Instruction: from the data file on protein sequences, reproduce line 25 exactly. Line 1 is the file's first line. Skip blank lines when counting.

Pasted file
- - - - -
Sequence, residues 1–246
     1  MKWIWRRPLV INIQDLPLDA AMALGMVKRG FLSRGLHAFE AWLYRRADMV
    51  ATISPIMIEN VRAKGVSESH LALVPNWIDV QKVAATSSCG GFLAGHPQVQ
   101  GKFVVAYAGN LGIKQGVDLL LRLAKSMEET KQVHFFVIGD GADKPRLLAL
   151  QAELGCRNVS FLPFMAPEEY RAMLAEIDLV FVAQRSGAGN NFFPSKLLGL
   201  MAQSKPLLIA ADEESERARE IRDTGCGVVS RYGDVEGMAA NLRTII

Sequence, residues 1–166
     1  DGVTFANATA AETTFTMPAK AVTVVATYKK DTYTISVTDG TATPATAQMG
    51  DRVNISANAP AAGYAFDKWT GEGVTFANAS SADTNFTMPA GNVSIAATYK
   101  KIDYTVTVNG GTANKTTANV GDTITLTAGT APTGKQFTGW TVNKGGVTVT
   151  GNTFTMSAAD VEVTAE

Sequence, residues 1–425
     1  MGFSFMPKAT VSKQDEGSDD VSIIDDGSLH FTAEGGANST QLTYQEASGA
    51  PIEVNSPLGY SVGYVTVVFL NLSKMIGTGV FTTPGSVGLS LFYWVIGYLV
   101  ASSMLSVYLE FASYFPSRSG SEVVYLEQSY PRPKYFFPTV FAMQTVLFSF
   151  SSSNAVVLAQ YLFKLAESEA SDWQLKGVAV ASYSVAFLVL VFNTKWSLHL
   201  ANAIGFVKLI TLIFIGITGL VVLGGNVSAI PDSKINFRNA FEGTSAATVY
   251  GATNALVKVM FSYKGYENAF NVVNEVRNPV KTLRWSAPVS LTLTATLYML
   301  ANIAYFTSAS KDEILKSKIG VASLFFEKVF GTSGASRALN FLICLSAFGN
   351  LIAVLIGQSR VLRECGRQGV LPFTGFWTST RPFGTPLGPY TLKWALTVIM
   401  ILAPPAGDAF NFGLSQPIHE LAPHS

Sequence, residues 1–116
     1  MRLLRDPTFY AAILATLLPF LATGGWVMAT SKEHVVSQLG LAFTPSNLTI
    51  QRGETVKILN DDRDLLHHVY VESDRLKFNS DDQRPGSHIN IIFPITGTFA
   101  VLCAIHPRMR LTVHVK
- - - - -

   101  VLCAIHPRMR LTVHVK